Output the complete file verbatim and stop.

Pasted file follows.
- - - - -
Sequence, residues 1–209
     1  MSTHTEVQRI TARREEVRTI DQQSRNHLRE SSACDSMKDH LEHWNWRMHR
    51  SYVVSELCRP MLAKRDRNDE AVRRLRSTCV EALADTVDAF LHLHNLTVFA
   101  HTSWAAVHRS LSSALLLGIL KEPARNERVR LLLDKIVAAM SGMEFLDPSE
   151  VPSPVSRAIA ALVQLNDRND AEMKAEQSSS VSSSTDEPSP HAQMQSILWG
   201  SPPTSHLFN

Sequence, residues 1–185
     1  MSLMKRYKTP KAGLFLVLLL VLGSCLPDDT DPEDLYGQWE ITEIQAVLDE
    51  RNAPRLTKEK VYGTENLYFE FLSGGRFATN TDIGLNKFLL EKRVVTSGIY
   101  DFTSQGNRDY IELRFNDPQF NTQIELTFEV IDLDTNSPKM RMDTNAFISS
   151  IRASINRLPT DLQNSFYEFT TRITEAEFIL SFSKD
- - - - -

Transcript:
Sequence, residues 1–209
     1  MSTHTEVQRI TARREEVRTI DQQSRNHLRE SSACDSMKDH LEHWNWRMHR
    51  SYVVSELCRP MLAKRDRNDE AVRRLRSTCV EALADTVDAF LHLHNLTVFA
   101  HTSWAAVHRS LSSALLLGIL KEPARNERVR LLLDKIVAAM SGMEFLDPSE
   151  VPSPVSRAIA ALVQLNDRND AEMKAEQSSS VSSSTDEPSP HAQMQSILWG
   201  SPPTSHLFN

Sequence, residues 1–185
     1  MSLMKRYKTP KAGLFLVLLL VLGSCLPDDT DPEDLYGQWE ITEIQAVLDE
    51  RNAPRLTKEK VYGTENLYFE FLSGGRFATN TDIGLNKFLL EKRVVTSGIY
   101  DFTSQGNRDY IELRFNDPQF NTQIELTFEV IDLDTNSPKM RMDTNAFISS
   151  IRASINRLPT DLQNSFYEFT TRITEAEFIL SFSKD